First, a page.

Thailand’s 45-day visa exemption is back to 30 days

Thailand’s 45-day visa exemption is back down to 30 days for visitors to the kingdom from a list of around 60 countries.

Starting from April 1 (yesterday), visitors from mainland Europe, the UK, the US, Australia, Saudi Arabia, and other countries will only be granted a 30-day stay in Thailand if they choose to enter the country without obtaining a prior visa, as the 45-day visa exemption is officially over.

This policy change is a revision of the previous regulations that were in place before October 1, 2022, when the 45-day exemption was implemented as a temporary measure to draw in more tourists until the end of March 2023.

The cancellation of the 45-day visa exemption will likely impact many travellers who have been planning to visit Thailand and stay for longer than 30 days.

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The Tourism Authority of Thailand (TAT) has tried hard to extend the 45-day visa, but tourists from around 60 countries who are allowed to enter without a visa will no longer be granted a 45-day stay. However, they will still have the option to extend their stay once for an additional 30 days if they go through Immigration. This means they will be able to tour the country for a maximum of 60 days instead of 75.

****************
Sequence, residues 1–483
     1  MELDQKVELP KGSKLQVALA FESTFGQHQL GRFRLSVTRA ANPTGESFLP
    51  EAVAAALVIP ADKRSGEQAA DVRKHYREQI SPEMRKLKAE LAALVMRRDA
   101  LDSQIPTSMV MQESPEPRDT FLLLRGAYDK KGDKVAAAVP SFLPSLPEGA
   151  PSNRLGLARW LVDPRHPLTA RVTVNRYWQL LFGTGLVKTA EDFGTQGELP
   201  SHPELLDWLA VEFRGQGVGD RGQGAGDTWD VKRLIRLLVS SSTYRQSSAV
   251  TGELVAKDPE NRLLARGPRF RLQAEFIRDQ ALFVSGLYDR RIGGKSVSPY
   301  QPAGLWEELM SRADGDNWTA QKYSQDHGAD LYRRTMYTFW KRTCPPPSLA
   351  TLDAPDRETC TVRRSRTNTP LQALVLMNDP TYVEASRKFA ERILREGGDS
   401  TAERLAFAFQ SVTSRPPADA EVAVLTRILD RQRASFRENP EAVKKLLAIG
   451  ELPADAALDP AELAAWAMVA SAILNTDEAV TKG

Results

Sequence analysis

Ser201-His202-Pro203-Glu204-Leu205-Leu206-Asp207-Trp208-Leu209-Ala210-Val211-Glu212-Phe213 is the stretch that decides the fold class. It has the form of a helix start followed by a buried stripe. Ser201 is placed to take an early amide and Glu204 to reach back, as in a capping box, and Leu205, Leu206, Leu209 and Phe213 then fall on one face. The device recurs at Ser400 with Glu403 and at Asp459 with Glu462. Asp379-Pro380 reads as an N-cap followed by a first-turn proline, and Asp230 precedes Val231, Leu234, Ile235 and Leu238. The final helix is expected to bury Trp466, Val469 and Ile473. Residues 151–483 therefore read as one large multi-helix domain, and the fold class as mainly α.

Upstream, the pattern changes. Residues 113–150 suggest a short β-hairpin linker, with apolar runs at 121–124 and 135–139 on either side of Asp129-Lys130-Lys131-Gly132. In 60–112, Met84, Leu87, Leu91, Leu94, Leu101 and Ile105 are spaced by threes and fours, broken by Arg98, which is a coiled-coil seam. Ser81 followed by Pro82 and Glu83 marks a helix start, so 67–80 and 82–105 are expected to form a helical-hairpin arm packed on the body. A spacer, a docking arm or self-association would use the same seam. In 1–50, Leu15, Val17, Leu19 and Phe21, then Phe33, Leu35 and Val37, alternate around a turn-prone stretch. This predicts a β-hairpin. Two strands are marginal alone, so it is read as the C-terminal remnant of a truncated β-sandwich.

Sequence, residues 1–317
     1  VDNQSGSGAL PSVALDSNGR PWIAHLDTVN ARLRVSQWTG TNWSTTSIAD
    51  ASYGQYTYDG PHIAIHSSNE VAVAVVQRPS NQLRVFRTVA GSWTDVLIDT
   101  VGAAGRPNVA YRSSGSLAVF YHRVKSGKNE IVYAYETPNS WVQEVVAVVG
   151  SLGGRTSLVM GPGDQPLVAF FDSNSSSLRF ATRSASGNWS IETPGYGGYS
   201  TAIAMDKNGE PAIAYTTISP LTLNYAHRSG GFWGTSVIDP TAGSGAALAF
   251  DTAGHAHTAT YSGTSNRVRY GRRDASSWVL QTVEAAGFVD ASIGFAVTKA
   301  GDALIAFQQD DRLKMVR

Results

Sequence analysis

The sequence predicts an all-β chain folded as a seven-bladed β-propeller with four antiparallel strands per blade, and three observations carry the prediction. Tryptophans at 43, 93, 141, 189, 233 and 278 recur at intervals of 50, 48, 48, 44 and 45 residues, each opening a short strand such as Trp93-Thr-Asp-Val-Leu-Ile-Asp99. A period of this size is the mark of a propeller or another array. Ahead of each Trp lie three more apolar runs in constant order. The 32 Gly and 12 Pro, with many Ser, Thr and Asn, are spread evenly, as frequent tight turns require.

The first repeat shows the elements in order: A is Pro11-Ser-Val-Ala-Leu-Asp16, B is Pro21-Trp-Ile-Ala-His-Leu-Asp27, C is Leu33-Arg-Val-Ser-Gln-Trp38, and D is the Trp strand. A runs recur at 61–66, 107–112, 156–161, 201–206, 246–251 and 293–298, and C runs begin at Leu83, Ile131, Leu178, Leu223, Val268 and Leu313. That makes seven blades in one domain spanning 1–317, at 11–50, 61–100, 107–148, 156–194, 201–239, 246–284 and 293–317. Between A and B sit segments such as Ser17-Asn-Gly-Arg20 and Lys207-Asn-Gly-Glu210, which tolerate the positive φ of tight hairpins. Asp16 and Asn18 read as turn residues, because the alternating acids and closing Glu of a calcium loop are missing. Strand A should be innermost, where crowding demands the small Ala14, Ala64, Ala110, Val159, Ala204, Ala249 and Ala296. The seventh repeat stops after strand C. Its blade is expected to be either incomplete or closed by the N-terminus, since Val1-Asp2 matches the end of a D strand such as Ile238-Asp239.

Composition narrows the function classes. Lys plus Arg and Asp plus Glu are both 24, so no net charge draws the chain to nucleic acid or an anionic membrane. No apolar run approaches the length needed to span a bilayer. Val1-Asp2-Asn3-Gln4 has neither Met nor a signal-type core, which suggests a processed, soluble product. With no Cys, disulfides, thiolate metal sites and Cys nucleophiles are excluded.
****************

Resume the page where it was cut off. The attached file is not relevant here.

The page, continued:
Visa-exempt countries will also have another option to obtain a 30-day addition if they leave the country and then return briefly. However, land border crossings can only be done twice per calendar year. While there are no official restrictions on entry by air, immigration officers can refuse tourists entry if they deem it necessary for individuals to obtain a formal visa from a Thai embassy beforehand.

Meanwhile, the visa-on-arrival period, which was extended from 15 to 30 days, has finished and has returned to 15 days for countries that are considered visas on arrival.

The Thai government has not yet officially announced the change but is expected to do after Tuesday’s Cabinet meeting.

The TAT reportedly plans to approach the new government after the General Election to potentially change the visa program once again to attract more tourists. Some political analysts noted on social media that with Parliament currently dissolved and the government in a caretaker position until the May General Election, finding a way to legally extend the program may have been too difficult. Therefore, the originally planned date of the end of the program was allowed to expire.

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Tara Abhasakun

A Thai-American dual citizen, Tara has reported news and spoken on a number of human rights and cultural news issues in Thailand. She holds a Bachelor’s Degree in history from The College of Wooster. She interned at Southeast Asia Globe, and has written for a number of outlets. Tara reports on a range of Thailand news issues.

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